Britain could be heading for traffic gridlock in the wake of the COVID-19 pandemic, transport experts have warned, as workers continue to shun public transport in favour of commuting by car.
Although motor traffic on Britain’s roads decreased at the height of the national lockdown, Government figures show it is now at almost 100% of pre-COVID levels. However, more than half of workers (59%) have returned to work, with 28% of the workforce still working remotely instead of at their normal place of work.
Meanwhile, many local authorities have scrapped emergency active travel schemes aimed at increasing cycling and walking, such as pop-up bike lanes and low traffic neighbourhoods, which were intended to ease the pressure on the nation’s roads. In many cases, councils have removed schemes because a small number of vocal objectors claimed they were causing congestion.
In a paper published in June, Rachel Aldred, professor of transport at the University of Westminster, predicted that up to 2.7 million more people who had previously commuted by public transport could switch to travelling by car.
“Rising levels of motor traffic stem from a failure to provide safe alternatives, like a dense network of protected cycle tracks to give people of all ages real choice about how they travel,” she said. “Without such changes, motor traffic will only grow further as and when lockdowns are relaxed. Do-nothing means more traffic jams, more road injuries, and more pollution.”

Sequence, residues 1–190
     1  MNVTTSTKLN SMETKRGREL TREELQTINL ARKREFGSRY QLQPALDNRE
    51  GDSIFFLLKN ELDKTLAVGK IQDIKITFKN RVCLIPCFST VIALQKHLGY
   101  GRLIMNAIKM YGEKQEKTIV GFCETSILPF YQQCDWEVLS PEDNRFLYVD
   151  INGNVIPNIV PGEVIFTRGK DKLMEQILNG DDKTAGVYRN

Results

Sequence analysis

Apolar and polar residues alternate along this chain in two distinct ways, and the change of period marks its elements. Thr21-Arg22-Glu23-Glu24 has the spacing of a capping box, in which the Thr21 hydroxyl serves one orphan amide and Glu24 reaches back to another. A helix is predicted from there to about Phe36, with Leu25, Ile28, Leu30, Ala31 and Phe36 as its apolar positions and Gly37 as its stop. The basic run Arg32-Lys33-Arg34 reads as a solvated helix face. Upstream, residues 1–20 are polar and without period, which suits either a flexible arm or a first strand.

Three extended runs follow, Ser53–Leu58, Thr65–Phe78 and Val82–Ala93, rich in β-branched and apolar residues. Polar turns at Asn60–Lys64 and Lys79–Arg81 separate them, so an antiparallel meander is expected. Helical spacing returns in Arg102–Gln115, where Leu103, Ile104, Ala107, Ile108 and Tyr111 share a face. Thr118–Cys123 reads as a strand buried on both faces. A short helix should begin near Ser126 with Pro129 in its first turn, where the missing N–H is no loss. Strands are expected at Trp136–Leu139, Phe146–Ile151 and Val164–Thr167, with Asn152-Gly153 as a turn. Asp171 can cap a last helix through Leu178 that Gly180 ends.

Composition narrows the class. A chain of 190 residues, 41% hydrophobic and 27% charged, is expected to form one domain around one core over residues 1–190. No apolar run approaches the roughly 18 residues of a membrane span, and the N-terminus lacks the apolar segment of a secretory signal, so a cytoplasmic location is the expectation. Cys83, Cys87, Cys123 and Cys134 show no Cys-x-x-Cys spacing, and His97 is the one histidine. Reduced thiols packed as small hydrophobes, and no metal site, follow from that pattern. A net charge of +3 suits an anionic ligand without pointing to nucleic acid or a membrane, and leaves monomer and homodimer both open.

Duncan Dollimore, head of campaigns at Cycling UK, added: “To be fair to the Government, they predicted congestion and gridlock could be a major problem if people returning to work after the Covid lockdown switched to using their cars.
“That’s why they announced £250 million in emergency funding for councils to implement schemes to make it safer and easier for people to walk and cycle if they wanted to avoid public transport. Unfortunately, a vocal minority of people and MPs have taken exception to these schemes, blaming them as the sole cause of congestion.”
John Parkin, professor of transport engineering at UWE Bristol, said implementing more cycling and walking infrastructure schemes would ultimately create more liveable cities. “A good way of relieving the pressure as a result of this excess of motor vehicles is for as many people as possible to switch to using more efficient forms of travel,” he said.
“For trips of a typical urban length the bicycle offers a highly efficient alternative. A lane the width of a car lane can carry three to five times as many bicycles as cars. Cities that have made a transition to less car travel and more travel by bicycle are much more liveable cities.”
Richard Allsop, emeritus professor of transport studies at University College London, said the pandemic had provided the opportunity for a radical reshaping of space on our roads and streets in favour of walking and cycling and the creation of better places to live and work. But he warned it would mean a stark, and sometimes uncomfortable choice, for many people who would need to consider how they travelled in the future.